There’s two sure things in life: Death and taxes. And yet, for a movie about the grisly lives of two crime lord employees who collect taxes from local gangs feels completely, utterly devoid of any reason for existence.
With a solid writer-director in David Ayer, who wrote Training Day, End Of Watch, and directed the incredible war film Fury on board, this should be a hit. And yet, it’s a cardboard cut-out, explicitly offensive, needlessly bloody affair with no beating heart.
This film about two the families and friends of the two tax collectors who run afoul of a rival of their boss finds a way to be both boring and bland even with an interesting premise.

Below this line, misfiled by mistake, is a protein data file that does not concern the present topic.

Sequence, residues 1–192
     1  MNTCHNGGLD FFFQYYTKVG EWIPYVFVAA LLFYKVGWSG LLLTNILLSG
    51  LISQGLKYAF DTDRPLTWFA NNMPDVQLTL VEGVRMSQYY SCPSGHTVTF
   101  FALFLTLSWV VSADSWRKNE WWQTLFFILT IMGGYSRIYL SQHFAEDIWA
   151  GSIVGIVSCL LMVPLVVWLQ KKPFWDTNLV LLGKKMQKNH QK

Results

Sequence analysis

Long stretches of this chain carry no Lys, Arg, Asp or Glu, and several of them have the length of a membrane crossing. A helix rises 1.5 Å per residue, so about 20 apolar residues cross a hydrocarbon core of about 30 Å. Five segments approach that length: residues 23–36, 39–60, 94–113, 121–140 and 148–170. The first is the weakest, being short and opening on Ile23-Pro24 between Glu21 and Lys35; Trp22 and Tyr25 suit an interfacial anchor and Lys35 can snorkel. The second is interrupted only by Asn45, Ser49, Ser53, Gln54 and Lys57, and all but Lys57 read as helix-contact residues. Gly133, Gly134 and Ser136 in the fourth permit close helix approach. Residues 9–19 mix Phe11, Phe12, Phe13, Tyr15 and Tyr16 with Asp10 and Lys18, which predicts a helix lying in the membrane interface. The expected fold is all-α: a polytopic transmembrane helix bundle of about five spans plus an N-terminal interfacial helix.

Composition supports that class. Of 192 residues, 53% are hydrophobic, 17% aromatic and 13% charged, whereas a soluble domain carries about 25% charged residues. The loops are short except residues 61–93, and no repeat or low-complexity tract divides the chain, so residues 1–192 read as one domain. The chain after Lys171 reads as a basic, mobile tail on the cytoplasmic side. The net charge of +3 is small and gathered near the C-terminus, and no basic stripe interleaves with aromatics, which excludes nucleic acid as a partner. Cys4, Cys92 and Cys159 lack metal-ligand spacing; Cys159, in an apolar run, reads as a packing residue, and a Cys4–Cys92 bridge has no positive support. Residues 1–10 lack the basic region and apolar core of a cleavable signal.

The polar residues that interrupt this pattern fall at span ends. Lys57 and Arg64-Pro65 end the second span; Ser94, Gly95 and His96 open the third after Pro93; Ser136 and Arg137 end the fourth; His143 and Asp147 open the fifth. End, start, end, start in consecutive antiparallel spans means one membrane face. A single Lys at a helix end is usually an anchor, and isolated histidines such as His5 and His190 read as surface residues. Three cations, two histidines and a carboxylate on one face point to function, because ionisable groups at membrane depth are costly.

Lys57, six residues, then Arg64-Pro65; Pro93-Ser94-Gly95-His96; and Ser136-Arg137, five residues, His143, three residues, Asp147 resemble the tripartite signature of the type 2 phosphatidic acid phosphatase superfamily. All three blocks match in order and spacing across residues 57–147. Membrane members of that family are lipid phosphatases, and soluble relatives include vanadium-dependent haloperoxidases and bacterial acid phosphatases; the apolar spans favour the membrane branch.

Shia LaBeouf — who has known Ayer a long time and provided an incredible performance in Fury — ends his winning streak with this terrible, racist and offensive role. He plays Creeper, a collector with a heart of stone. The problem, however, is the white LaBeouf walks around with a fake Spanish accent.
It’s been said in interviews that his character is supposed to have acclimatized to the culture that he has worked in for so long. But truthfully, the reason doesn’t matter. It’s off-putting, unnecessary and in such poor taste that it made me forget this actor was one of my favourites for the duration of the film.
The one shining light is Bobby Soto, who struggles to make something out of nothing here. He’s got a wonderful future in film ahead of him, but this won’t be on his highlight reel.